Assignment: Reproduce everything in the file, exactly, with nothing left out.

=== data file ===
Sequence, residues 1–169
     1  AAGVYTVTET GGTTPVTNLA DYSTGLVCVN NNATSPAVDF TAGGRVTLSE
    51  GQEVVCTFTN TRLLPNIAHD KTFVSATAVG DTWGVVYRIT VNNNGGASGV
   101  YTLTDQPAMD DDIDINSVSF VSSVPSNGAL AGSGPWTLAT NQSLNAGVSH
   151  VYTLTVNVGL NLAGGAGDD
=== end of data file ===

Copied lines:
Sequence, residues 1–169
     1  AAGVYTVTET GGTTPVTNLA DYSTGLVCVN NNATSPAVDF TAGGRVTLSE
    51  GQEVVCTFTN TRLLPNIAHD KTFVSATAVG DTWGVVYRIT VNNNGGASGV
   101  YTLTDQPAMD DDIDINSVSF VSSVPSNGAL AGSGPWTLAT NQSLNAGVSH
   151  VYTLTVNVGL NLAGGAGDD